This was in part the root of a discussion my wife and I were having the other day.
Our conclusion was that while there are certainly real challenges involved with accomplishing that task for a kid with mixed heritage, it is not necessarily or inherently more difficult than raising any kid, particularly any minority kid, with the goal of being a proud and good person.
At first it seems obvious that it would be a more difficult task for parents of Mixed kids. Making sure they do not feel like oddities, or caught between worlds, making sure they feel connected to both or all of their ethnic worlds, making sure they know there are many others like them, these are some of the issues Mixed parents have that most other parents do not.
But there isn’t a good parent out there that isn’t also dealing with helping their kids connect to their roots and feel comfortable in a multicultural world.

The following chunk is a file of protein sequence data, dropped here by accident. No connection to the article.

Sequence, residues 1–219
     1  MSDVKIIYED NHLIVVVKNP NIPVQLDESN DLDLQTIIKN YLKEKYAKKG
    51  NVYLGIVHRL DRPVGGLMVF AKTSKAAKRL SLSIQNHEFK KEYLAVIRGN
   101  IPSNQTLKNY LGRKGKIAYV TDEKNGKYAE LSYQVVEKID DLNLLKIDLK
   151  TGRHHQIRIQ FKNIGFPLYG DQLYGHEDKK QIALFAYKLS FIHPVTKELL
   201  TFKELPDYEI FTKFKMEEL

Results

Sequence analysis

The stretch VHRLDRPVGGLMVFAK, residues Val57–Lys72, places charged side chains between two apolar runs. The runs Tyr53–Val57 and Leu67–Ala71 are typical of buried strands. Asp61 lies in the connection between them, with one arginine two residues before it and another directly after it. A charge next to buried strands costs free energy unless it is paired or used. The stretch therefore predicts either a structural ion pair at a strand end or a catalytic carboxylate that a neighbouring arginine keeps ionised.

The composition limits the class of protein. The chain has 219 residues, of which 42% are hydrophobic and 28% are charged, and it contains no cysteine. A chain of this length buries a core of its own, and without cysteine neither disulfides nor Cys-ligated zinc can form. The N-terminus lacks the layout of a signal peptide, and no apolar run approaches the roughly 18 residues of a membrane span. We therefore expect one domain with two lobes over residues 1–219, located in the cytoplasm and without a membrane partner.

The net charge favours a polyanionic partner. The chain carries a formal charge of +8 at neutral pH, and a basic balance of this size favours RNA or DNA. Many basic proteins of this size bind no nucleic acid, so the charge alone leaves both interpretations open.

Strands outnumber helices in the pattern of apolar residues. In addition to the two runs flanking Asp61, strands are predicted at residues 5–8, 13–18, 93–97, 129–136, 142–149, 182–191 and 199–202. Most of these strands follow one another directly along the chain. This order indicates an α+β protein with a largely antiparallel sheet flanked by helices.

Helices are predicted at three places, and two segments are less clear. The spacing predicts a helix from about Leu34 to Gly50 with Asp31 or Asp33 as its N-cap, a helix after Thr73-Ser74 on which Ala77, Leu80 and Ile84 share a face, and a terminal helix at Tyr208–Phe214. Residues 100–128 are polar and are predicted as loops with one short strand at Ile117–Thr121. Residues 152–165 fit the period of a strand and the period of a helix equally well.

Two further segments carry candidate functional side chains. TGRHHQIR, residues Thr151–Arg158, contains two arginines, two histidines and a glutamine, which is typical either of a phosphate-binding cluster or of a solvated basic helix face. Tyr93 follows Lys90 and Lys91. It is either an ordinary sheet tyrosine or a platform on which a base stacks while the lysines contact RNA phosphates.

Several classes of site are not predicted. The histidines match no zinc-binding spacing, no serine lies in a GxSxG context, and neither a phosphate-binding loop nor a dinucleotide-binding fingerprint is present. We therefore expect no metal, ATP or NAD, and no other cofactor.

A counterbalance to the extra work involved in dual ethnic lessons and effort, is the bonus Mixed parents get from having kids who know instinctively what it means to blend and see many sides, to have a kid who is automatically able to cross ethnic lines when others can’t. And it is great to have a kid that is the walking embodiment of the ultimate social goal of cultural diversity and people seeing each other for more than their skin color.
With our kids, no one has to explain that concept or teach them what it means.
So in the end, our job as parents of Mixed kids is not harder or easier. It just involves different challenges. But I wouldn’t trade it for anything. As someone who has lived my life and my professional career trying to bring cultures together, our kids are the ultimate example of living up to that mission. And they don’t even have to think about it. It is just who they are.
And they are changing the world just by being who they are. In that sense, our job as parents is quite easy.